PITTSBURGH (KDKA) - Pittsburgh Mayor Bill Peduto said he's "livid" about plainclothes police putting a protester in an unmarked white van and whisking him away. The mayor said he won't tolerate the tactic in the future.
"It is hard to find the words for how livid I was after seeing the online videos of the disturbing arrest at Saturday's protest. I have taken the time to review all the video and information that has been made available to me," Mayor Peduto said in a statement.
But Monday protest organizers again called for his resignation.
"You and your colleagues violated our constitutional rights and left your citizens -- mind you, the people that you are supposed to keep safe -- traumatized," said A.D. Bagheera, one of the protest organizers.
Twenty-five-year-old Mathew Cartier is charged with disorderly conduct and obstruction of highways for allegedly moving ahead of demonstrators and blocking traffic. Police Sunday called the method of his arrest a "surgical maneuver."
"That was a calculated movement that was done to remove somebody from the event and make sure that everything was safe," Chief Scott Schubert said.
Pittsburgh Mayor Bill Peduto sat down one-on-one with KDKA's Meghan Schiller and said he was told "that there were tactical reasons why this would provide the least negative impact."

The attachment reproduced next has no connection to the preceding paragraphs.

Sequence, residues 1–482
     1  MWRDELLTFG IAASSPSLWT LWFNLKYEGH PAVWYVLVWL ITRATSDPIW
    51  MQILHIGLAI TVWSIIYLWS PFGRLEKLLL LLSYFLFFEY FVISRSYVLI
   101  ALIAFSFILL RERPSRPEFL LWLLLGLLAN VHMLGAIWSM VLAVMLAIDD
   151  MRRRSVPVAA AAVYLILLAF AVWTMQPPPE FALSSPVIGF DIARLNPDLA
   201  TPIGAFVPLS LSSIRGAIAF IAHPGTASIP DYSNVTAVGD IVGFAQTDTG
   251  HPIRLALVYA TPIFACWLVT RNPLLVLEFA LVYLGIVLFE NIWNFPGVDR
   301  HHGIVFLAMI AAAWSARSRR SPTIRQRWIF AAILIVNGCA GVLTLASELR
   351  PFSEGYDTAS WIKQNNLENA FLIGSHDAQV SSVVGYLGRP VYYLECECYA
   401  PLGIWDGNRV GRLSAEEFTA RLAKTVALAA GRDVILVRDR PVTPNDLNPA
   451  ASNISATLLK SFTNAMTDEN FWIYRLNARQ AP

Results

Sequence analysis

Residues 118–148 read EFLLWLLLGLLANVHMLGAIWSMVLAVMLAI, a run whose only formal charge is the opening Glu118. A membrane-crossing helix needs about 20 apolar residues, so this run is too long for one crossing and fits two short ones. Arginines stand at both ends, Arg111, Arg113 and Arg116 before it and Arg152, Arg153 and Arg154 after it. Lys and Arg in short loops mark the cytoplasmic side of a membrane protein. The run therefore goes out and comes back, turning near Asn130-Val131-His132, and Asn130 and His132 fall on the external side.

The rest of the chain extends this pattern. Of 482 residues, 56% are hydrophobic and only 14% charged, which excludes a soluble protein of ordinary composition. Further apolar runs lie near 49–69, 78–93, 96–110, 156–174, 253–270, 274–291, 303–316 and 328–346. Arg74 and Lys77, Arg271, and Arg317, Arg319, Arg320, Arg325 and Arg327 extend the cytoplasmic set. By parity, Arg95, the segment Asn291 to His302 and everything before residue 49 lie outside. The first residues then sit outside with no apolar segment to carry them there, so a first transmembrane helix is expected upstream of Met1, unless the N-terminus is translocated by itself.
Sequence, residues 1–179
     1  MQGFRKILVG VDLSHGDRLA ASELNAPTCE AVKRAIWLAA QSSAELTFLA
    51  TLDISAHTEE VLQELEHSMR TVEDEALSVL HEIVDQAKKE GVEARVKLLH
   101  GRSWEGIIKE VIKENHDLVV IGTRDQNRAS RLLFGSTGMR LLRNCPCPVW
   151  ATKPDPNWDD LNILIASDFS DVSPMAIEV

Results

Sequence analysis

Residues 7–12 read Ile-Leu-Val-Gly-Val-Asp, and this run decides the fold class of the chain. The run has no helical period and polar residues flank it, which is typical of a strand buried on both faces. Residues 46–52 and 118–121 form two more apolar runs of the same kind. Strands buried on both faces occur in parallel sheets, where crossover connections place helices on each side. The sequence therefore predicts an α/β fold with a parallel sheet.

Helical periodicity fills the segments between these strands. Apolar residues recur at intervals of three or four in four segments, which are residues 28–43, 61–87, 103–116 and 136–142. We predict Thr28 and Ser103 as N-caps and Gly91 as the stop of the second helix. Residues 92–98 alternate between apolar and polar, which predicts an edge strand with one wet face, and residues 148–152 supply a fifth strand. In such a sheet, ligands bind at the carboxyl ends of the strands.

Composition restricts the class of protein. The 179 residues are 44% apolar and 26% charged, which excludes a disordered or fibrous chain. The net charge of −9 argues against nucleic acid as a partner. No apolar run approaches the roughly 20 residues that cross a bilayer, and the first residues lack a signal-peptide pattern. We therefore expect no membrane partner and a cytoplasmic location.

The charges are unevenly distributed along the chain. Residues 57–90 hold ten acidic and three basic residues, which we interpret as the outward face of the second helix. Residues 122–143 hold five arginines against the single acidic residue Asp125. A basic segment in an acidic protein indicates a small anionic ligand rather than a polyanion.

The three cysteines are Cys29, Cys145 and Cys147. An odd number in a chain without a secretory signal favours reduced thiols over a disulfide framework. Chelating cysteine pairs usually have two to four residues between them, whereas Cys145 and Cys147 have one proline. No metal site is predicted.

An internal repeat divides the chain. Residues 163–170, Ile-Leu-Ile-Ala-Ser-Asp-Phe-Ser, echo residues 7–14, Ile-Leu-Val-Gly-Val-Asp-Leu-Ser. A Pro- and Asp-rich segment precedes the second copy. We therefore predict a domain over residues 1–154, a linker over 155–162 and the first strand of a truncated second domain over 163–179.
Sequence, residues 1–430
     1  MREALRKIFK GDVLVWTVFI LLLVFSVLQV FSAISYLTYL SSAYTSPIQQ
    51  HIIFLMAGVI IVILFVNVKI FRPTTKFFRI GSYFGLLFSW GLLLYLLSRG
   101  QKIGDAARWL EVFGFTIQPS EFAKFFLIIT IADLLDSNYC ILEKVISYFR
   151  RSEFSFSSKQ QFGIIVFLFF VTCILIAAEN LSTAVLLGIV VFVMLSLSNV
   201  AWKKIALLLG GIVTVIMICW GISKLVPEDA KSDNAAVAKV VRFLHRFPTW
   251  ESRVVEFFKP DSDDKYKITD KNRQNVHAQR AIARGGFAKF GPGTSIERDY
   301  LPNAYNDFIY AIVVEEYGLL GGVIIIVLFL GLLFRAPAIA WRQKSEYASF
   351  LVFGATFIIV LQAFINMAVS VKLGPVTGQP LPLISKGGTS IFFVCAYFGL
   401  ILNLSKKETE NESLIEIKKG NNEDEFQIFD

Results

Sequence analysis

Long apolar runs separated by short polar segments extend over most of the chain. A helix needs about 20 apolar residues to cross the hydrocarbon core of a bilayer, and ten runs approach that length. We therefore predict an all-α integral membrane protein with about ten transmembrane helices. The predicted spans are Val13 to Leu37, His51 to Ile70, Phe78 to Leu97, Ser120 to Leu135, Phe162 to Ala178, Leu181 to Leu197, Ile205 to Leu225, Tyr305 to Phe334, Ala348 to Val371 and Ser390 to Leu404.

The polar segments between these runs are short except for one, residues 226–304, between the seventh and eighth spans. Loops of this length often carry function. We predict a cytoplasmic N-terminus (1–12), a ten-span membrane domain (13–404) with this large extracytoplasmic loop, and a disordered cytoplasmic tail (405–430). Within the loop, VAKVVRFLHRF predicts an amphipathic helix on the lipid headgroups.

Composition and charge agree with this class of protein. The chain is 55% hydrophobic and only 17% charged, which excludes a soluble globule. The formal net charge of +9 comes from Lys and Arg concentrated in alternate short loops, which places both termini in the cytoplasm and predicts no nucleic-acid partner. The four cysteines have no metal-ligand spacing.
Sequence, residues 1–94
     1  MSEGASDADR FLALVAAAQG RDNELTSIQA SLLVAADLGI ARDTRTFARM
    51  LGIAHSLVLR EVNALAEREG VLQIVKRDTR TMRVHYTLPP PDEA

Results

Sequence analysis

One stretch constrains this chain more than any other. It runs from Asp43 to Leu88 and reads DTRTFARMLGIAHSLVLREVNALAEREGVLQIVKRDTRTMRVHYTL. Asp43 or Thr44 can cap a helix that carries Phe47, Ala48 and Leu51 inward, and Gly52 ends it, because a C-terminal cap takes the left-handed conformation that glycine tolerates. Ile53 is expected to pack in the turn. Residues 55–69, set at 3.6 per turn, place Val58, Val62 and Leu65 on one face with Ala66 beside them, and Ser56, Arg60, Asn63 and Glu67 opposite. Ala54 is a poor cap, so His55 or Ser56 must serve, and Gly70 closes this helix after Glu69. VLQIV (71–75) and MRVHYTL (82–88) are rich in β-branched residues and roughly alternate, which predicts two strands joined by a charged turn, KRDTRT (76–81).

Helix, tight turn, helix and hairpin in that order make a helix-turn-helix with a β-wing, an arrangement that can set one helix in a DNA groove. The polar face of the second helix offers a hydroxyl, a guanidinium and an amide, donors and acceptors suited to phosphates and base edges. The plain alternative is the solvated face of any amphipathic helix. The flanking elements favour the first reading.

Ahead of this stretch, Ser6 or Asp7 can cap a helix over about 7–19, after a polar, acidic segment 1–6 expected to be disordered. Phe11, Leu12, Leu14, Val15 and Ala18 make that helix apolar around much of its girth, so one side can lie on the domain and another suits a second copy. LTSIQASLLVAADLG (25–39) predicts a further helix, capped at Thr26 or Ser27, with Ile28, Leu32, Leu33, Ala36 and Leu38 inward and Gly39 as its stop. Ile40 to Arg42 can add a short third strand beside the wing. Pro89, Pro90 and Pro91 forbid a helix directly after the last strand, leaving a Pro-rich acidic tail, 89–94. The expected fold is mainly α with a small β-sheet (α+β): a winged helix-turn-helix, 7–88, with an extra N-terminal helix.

WATCH: KDKA's Meghan Schiller Talks One-On-One With Mayor Peduto
"Even if that was true, it didn't answer the question of common sense," said Mayor Peduto.
But Cartier's attorney, public defender Lisa Middleman, called the tactic excessive and for the charges against Cartier to be dropped.
"I don't think that this country ever anticipated that people being arrested for insignificant infractions would be thrown into an unmarked van by folks holding long guns and rifles," she said.
But while Vic Waczak of the American Civil Liberties Union says the optics of Cartier's arrest look bad, the arrest is legal if police had probable cause.
"If they did, whether they did it quickly, whether they did it wearing uniforms or not wearing uniforms is not going make it unconstitutional, but it is definitely creepy," he said.
And Walczak urged the police not to deploy the maneuver in the future.
"It feels like something rogue happening in the Soviet Union. So whether or not it's actually constitutional -- really would urge police to rethink the tactic," he said.
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Allegheny County District Attorney Stephen Zappala released a statement saying Cartier arrest should "be a summary offense at best" and should be handled by police in a summary hearing.
DA Zappala's statement reads in full:
"In 2005, I requested that the Pennsylvania Supreme Court change the rules of criminal procedure to allow for more low level offenses to proceed by summons, the equivalent of being written a traffic citation, rather than by arrest.
"On Saturday, Pittsburgh Police, directed by the Public Safety Director and the Mayor, chose to proceed by arrest and criminal complaint on charges that should have been handled via summons.